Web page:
Directed by: Stephen Gaghan

An unlikely pair venture to the Indonesian jungle in search of gold. When he was outrageously thin in “Dallas Buyer’s Club” McConaughey still looked good. In this one he’s bald and….dammit!



Starring: James Franco and Bryan Cranston
Directed by: John Hamburg.

A dad forms a bitter rivalry with his daughter’s young rich boyfriend. Based on a story by Jonah Hill. Somebody needed money.

OSCAR CHANCES: I’m ashamed that I have to include those words with this film.



Starring: Adam Driver
Directed by: Jim Jarmusch

Set in the present in Paterson, New Jersey, this is a tale about a bus driver and poet.

OSCAR CHANCES: Love Jarmusch. Maybe a witting nod.

Paul Bettany discusses “Shelter” with stars Jennifer Connelly and Anthony Mackie

Paul Bettany may be known as one of our finest English actors, with roles in such major films as A Beautiful Mind, Master and Commander, The Da Vinci Code and of course, Marvel’s Avengers franchise. What he also is however is now a fifteen year resident of New York City with Oscar-winning wife (and Beautiful Mind co-star) Jennifer Connelly. The city, which Bettany loves, is currently facing a homeless crisis which sees 60,000 people seeking public shelters nightly. The majority of them families.

The actor had been developing a story about judgment and redemption for his feature directorial debut, but it wasn’t until Hurricane Sandy hit his home city that Bettany honed in on filtering his story through the lens of the homeless experience. The result was Shelter, which Bettany describes as a “moving optimistic story,” and stars Connelly as Hannah and Anthony Mackie (Captain America: Civil War) as Tahir, a pair of homeless people from completely different worlds now residing in New York City. They come together to help each other face their pasts and the everyday trials of living on the streets. An impassioned, opinionated Bettany joined Connelly and Mackie this week at the New York press conference for the film.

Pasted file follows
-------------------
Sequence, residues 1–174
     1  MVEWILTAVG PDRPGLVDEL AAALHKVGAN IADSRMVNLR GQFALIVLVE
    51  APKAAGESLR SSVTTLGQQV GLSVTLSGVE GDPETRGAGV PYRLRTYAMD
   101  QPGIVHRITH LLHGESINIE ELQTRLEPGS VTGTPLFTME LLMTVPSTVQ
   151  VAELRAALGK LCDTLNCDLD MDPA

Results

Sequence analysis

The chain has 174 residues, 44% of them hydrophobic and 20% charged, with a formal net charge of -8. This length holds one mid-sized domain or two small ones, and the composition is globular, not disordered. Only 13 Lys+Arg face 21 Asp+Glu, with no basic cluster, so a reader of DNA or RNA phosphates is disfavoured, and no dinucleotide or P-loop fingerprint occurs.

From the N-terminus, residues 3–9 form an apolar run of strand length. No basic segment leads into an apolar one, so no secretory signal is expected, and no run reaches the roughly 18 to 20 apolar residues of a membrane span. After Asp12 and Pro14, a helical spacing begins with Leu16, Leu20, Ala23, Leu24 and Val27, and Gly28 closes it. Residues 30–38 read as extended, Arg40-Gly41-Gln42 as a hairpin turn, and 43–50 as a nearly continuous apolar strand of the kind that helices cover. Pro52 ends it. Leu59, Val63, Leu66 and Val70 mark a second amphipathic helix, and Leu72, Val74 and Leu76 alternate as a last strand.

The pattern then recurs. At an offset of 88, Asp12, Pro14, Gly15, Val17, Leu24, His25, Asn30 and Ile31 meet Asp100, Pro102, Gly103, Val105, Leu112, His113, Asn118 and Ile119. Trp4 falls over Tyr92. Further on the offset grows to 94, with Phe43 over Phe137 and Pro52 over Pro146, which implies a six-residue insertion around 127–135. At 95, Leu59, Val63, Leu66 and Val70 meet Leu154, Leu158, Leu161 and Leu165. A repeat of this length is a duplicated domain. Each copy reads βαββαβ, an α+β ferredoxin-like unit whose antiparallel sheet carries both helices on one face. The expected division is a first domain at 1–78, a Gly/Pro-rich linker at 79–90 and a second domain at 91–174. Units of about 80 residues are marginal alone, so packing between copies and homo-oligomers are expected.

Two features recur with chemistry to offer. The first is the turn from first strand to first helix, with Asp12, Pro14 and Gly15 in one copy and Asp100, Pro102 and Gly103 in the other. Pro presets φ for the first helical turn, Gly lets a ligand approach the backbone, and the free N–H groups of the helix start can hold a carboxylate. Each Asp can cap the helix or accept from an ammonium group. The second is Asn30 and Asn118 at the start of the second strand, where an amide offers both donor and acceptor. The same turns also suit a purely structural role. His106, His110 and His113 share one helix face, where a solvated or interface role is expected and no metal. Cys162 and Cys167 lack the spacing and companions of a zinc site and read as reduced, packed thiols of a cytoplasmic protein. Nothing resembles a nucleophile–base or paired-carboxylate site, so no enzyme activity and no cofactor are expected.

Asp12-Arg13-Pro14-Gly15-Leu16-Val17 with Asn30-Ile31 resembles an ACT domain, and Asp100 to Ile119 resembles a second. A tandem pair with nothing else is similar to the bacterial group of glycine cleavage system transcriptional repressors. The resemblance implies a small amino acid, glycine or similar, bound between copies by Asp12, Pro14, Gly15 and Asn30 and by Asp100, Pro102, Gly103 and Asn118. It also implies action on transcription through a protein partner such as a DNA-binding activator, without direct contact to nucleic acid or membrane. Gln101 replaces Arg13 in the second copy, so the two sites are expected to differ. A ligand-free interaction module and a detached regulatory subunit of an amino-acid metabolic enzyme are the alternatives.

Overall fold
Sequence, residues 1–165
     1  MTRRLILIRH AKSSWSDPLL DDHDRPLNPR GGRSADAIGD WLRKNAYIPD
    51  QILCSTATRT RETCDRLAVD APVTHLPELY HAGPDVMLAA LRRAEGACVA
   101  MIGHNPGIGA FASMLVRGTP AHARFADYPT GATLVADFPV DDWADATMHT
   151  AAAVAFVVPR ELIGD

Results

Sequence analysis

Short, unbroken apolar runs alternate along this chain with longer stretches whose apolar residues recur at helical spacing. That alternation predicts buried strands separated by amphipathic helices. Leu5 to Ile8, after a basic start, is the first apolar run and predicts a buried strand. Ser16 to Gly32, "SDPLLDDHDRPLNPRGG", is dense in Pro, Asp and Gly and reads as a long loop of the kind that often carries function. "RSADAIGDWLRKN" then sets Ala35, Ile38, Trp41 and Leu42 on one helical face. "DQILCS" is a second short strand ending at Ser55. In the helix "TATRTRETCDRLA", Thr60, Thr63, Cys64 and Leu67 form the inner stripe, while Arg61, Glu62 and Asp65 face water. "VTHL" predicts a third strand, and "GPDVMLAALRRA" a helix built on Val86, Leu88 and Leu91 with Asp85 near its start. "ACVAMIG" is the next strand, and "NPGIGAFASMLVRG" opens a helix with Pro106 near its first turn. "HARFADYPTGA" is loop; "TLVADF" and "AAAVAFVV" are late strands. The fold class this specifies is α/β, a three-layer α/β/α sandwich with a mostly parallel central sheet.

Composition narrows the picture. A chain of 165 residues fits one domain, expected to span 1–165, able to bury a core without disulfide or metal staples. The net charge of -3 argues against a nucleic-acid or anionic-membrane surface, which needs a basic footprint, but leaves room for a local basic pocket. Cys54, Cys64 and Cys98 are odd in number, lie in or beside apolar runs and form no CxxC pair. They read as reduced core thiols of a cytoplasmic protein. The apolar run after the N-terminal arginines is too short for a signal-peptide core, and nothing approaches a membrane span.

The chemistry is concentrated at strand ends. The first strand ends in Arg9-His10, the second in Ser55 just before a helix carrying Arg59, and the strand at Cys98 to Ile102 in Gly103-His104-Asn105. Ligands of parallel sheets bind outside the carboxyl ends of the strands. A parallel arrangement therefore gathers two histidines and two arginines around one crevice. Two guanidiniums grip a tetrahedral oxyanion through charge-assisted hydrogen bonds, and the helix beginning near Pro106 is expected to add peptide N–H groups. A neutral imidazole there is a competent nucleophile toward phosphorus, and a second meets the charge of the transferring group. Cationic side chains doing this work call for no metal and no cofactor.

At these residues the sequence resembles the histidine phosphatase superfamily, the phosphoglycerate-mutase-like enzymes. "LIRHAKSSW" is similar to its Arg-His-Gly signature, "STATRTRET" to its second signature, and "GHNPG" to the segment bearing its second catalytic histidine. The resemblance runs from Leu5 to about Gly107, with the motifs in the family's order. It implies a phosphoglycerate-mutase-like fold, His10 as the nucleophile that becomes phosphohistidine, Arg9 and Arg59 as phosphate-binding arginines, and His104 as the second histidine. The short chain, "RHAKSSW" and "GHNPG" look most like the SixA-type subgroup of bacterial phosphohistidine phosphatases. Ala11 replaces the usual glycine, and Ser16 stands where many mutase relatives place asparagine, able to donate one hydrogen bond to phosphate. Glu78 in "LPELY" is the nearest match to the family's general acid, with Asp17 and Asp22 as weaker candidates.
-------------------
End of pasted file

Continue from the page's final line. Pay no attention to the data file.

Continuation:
One particular homeless couple focused Bettany on where his story would go:

Paul Bettany: “I live in a really nice apartment I moan about because I’m now a New Yorker…outside this apartment was this homeless couple. A black man and a white woman, she was blonde. And I would see them, we would see them, we would pass them on the school run. My children would say hello to them, they’d say hello to us, and that was kind of the extent of it. And I have to, I’m ashamed to say, that day by day, their poverty became more and more acceptable to me and they became invisible. Before they actually disappeared. And then Hurricane Sandy hit and we never saw them again. There was a mandatory evacuation of our area of Tribeca and they used to live in a tiny little piece of like a ‘park’–it’s laughable, it’s smaller than this room–on the corner of Canal Street and the West Side Highway. And they used to live under a plastic tarpaulin and I noticed that they seemed to complain a lot less about their circumstances than I did and I admired that. And then I really couldn’t see them anymore and I felt the instinct to write about them. But I didn’t know who they were. And then I thought, well wait a second, maybe that would be a really good way to discuss judgment because I find our response to homelessness really puzzling. It’s a peculiar response that people have.”